Even if you have the most well-behaved, stay-put dog on earth, a kennel or crate is still a good idea.

Unfortunately, most RV walls are thin and exponentially less impact-safe than a regular passenger vehicle. In the case of an accident, having a pet roaming free can be extremely dangerous—even fatal. Even if your pet is not injured in a crash, there is a secondary danger of your pet getting loose and then lost. Dogs and cats tend to bolt when in fear, and you certainly don’t want them to get lost in an unfamiliar place, far from home. Keeping them kenneled when the vehicle is moving is the best way to keep an accident from becoming a tragedy.

To make your kennel more comfortable, add a crate bed and some blankets. For longer trips, bring a toy or two for mental stimulation. Kongs stuffed with frozen treats are a great choice. If your pet is the nervous type, you can cover the kennel with a blanket to help him sleep while you drive.

Designate the Pet Area

Make your life easier by designating a specific area for your pets inside your travel vehicle.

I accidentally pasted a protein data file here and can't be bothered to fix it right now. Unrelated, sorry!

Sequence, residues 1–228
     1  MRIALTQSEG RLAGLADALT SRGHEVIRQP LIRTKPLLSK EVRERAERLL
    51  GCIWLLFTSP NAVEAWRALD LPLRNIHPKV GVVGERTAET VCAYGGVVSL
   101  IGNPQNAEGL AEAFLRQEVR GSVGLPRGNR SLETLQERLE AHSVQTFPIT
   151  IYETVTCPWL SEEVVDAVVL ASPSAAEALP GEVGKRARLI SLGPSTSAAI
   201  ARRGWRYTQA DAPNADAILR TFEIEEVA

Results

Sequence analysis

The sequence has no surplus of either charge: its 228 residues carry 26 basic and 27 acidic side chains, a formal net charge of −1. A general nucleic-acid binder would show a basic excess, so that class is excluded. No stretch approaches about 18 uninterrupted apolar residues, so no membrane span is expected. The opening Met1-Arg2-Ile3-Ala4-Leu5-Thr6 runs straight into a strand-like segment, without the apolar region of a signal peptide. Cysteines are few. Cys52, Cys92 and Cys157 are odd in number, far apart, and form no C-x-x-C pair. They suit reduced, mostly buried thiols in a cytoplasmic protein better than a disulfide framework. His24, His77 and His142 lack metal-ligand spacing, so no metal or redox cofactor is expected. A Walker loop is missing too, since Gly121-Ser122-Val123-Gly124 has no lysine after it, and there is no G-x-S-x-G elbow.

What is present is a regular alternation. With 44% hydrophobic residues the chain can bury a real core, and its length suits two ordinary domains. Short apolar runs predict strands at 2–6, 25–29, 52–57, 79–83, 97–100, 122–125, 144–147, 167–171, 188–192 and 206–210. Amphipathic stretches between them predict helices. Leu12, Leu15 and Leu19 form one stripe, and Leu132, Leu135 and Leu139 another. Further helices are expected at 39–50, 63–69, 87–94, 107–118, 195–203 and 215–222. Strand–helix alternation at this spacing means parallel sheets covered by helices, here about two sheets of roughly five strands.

If you’re traveling with dogs, try to set up the kennels by the door for late night potty breaks. In many RVs, the cafe table can be converted into a bed platform, where crates can be stacked. This platform is sturdy and flat, providing a great foundation. You can also purchase straps to secure the crates in place.

For feeding time, place the bowls off to the side so you don’t accidentally step on them when walking past—remember, the tight quarters in an RV can create some cramped passageways.

If you have a cat on board, look for a hanging cat bed that you can place by a window. Cats love to look outside, and a hanging bed will keep your feline elevated and out of the footpath. Cat scratching posts can be positioned in corners or on top of folding furniture.

For smaller caged animals, such as hamsters or birds, always secure their enclosures to a flat surface with straps in a similar manner to dog kennels.

Place all your pet’s belongings and necessary items near their set-up, where everything is in one place and you can easily find what you need. Plastic stackable containers and boxes are a great storage solution if you’ve run out of space.

Bring More Towels Than You Think You Need

You’d be surprised at how handy towels can be—you can never have too many. The top tip from seasoned pet travelers always seems to involve the use of a towel.